Hello - It appears as though your a great candidate for a circumvertical breast lift. This type places the incisions around the areola with a small incision below it. It provides a lift to the nipple/areola as well as improving the shape of the breast. Potential problems scarring, altered nipple sensation, and recurrence of the sagginess. A breast lift can be done entirely as an outpatient with minimal pain and downtime. Good luck!

Types of breast lifts

{{ voteCount >= 0 ? '+' + (voteCount + 1) : (voteCount + 1) }}

You have significant ptosis and asymmetry of the breasts.  A full lift will elevate the nipple, reshape the breasts and correct the asymmetry.  Make sure to go to a surgeon whose photos looks excellent because no 2 surgeons are alike and neither are their results. 

Best Type of Breast Lift for YOU

{{ voteCount >= 0 ? '+' + (voteCount + 1) : (voteCount + 1) }}
Thank you very much for your question and photographs. From your photos, you will require a full breast lift, and preferably with the anchor-type incision, to give you the maximum amount of skin reduction and desired elevation of your nipple/areola position. I recommend that you have a consultation with a Board Certified plastic surgeon to view Before/After photographs of their work, as well as to discuss the risks and possible complications of the surgical procedure.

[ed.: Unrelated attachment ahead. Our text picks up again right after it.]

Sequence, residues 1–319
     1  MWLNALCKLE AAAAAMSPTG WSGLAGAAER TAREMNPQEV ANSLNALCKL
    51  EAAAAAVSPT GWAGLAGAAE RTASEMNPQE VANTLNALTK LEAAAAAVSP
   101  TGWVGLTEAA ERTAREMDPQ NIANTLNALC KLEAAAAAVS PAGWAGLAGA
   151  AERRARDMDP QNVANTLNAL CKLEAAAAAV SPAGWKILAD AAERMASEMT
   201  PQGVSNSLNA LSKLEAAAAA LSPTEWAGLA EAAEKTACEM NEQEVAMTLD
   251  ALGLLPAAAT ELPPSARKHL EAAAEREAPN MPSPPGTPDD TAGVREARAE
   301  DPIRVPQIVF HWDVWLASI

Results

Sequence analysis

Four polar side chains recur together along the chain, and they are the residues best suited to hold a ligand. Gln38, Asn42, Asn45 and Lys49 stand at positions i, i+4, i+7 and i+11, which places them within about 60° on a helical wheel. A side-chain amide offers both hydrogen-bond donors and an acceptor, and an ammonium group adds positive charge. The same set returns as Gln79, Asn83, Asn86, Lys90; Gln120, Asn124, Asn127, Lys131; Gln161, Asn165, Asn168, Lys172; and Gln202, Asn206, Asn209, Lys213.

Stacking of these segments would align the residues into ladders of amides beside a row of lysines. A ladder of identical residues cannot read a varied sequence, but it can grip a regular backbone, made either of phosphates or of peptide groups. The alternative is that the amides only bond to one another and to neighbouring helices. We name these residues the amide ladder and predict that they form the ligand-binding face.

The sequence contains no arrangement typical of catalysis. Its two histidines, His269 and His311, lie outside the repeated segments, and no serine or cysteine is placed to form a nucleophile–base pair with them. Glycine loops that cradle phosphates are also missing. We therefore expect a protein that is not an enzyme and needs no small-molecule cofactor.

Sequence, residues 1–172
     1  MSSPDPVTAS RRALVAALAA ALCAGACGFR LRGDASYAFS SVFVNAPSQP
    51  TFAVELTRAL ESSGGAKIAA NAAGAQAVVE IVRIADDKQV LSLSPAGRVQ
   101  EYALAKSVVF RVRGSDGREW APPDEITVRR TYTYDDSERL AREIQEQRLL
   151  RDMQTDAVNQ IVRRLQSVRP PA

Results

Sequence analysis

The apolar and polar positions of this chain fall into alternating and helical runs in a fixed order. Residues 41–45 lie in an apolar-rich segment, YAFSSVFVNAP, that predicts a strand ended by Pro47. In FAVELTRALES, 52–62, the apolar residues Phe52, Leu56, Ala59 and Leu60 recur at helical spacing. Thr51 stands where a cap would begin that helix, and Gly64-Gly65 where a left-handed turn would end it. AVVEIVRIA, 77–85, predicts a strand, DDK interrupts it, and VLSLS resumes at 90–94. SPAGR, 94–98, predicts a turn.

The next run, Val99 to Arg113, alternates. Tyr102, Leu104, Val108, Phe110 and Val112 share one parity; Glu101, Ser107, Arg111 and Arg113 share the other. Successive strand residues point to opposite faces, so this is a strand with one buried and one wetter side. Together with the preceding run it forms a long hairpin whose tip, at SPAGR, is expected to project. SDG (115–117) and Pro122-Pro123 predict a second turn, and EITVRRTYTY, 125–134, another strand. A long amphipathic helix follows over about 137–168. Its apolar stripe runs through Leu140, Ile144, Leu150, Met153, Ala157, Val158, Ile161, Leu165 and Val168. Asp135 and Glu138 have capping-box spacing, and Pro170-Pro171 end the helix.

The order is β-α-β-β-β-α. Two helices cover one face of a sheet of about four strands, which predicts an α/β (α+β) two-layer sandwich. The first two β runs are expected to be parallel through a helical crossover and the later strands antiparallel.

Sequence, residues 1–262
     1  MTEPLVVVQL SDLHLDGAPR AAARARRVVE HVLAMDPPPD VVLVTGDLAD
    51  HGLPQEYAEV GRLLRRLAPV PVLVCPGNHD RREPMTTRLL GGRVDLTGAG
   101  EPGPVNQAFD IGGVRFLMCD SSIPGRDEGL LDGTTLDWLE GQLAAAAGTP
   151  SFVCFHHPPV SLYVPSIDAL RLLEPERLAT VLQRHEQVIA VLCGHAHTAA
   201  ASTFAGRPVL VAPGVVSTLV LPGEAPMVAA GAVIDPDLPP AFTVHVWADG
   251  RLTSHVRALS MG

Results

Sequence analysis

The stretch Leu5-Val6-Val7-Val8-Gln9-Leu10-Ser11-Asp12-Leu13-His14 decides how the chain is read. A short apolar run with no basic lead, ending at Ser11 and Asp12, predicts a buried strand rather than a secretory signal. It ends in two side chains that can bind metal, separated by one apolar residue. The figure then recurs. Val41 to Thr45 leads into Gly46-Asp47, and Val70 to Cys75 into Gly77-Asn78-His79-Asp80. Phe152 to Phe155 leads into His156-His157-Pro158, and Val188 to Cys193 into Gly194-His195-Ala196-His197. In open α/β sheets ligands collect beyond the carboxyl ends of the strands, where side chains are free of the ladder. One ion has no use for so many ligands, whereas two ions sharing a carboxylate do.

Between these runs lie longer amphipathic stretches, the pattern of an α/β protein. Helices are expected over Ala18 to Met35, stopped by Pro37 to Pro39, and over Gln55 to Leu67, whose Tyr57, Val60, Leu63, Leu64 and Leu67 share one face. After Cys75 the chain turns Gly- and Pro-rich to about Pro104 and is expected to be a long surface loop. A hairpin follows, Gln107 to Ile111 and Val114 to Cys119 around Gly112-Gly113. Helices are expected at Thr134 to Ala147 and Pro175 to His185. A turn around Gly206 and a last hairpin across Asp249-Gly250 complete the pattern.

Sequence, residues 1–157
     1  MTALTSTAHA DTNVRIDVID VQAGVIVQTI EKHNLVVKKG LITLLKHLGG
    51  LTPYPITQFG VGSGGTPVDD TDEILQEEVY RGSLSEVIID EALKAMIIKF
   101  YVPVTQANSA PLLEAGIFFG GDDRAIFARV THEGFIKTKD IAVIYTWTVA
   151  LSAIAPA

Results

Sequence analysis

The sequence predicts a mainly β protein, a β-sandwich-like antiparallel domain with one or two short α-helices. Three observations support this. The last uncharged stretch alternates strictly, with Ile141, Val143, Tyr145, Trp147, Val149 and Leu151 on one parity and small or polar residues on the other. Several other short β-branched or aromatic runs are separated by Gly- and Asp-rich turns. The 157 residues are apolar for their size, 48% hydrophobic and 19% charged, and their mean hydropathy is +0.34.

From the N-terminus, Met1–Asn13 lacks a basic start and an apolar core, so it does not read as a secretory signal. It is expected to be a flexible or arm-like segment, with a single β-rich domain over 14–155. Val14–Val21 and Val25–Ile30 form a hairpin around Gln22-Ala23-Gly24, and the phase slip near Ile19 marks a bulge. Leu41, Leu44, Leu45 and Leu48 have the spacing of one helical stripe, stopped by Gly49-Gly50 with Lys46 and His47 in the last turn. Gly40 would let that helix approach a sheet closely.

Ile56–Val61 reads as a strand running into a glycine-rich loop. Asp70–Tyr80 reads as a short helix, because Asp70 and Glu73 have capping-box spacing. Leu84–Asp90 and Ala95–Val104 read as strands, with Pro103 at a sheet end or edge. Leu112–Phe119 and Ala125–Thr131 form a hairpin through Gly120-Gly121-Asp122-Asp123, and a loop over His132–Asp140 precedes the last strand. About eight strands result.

Type of breast lift procedure

{{ voteCount >= 0 ? '+' + (voteCount + 1) : (voteCount + 1) }}

You would be a good candidate for a vertical mastopexy .  There are several different types of breast lifts including a peri-areolar crescent lift, a doughnut or Benelli lift, a Vertical Mastopexy and a Key hole or anchor type mastopexy.  All have specific parameters.  Based on your appearance and the degree of breast tissue below the inframammary crease you would get the best result with a vertical mastopexy.  It is possible that you would need a anchor type on the breast that has more sagging.  

These answers are for educational purposes and should not be relied upon as a substitute for medical advice you may receive from your physician. If you have a medical emergency, please call 911. These answers do not constitute or initiate a patient/doctor relationship.